Harry Forrester's winner against Dundee didn't really have the feeling of a Mark Robins Moment Indeed, if it did, the only foreseeable comparison might be that the players in question might go on to play about as relevant a part in any future success of the respective teams. But then Mark Robins’ moment probably didn't feel like a Mark Robins Moment either. They were a floundering and failing team that looked like they were getting worse rather than improving, under a manager desperately trying to instigate sweeping reforms and failing to find the answer on the pitch. Aye, the managerial graveyards are filled with brief stays of execution and false dawns, but it's proof that success can be even more unpredictable than failure.
We recently pointed to the last few games as a great chance for this team to finally embark upon a run of form, and raised the possibility that personnel changes might be clearly required if they didn't. In fact, we underestimated the capability of Mark Warburton’s team to escape definition and conclusion. In the period, a points total will be achieved which the vast majority of Rangers fans considered sub-par. While that doesn't necessarily mean they'd want Warburton sacked, the knives are neither our nor in. We might claim that we've seen this picture before when Rangers dominate possession and fail to score, but the last few games have been drastically different - desperately unlucky draws, well deserved draws, lucky victories, dominant victories, and draws that we were lucky not to lose. The more games we see them play, the harder it is to draw a conclusion about this team. The more we know Mark Warburton, the less we understand him.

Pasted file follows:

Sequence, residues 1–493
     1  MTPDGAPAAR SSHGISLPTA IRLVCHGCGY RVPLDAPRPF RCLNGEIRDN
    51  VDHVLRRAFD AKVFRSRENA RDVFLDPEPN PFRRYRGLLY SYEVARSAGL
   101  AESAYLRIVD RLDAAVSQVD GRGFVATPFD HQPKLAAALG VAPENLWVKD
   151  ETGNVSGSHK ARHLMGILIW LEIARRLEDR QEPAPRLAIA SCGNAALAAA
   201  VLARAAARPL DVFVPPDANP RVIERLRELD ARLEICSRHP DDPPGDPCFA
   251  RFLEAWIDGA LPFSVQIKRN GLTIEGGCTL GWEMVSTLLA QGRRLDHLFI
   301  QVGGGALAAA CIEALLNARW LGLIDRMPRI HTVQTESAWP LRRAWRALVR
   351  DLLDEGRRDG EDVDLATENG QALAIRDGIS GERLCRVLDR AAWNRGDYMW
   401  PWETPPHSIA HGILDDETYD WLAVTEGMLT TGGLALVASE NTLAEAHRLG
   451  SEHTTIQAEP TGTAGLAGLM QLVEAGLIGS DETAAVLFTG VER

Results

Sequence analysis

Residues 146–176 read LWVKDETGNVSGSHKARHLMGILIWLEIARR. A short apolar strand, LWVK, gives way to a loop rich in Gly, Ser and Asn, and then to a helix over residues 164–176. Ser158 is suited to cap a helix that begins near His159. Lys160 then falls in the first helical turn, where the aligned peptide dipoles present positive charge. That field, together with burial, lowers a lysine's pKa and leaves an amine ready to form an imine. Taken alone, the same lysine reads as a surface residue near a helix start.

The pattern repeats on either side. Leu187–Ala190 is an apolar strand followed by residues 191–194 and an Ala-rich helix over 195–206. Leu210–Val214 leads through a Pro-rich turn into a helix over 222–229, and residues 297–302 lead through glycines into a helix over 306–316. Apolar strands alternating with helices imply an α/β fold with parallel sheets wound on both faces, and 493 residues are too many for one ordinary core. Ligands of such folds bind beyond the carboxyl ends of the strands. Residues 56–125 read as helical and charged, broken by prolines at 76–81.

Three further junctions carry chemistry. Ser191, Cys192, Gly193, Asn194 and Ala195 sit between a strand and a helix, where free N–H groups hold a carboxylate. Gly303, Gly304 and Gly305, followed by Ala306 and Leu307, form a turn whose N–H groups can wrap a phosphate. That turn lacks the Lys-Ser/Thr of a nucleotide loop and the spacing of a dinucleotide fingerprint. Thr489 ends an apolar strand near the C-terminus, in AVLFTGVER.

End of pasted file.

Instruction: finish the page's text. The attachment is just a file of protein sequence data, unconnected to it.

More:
So, after stumbling or cruising to one of three results against Partick (it hardly even matters which at this point) we come to a very different run.
The easy run was, pretty much, a failed test. Just not failed hard enough to deny this team a harder resit. The real games, against something approaching proper teams, come now.
The fact that we've been so poor against top teams this season is the obvious worry. The fact we completely dominated Aberdeen at Pittodrie might be reason for optimism, however. We lost, but then weve dominated plenty of teams and “not got the rewards”, to use a phrase were all sick of by now.
Speaking of which, it should be obvious now that having the ball does not automatically grant those awards, and they need to be sought out. True, Aberdeen and Hearts might leave more space available, but more than sterile possession will be required. If we couldn't find it consistently in a slow, easy run of winnable games, then if we're to find it at all, it'll have to come in a fast, breathless run of tough matches.
Pressure makes diamonds, as Brendan Rodgers probably has stapled to his wall, middle management riddy that he is. We might just finally find the evolutionary pressure that this team requires in the upcoming run. It might be clutching at straws, but it's all we have right now. One thing seems certain - December will make or break Warburton. It's hard to see a way for him to muddle through in mediocre fashion, as he has in recent games. The middle of the road is looking a lot more dangerous in heavy traffic, and the gap between success and failure is finally narrowing to the standards of a real Rangers team. Nobody wants to write off this season, this manager, or this team. We should then, celebrate the opportunity. But if we come out even further off track, it'll be impossible to make the case for any of the three.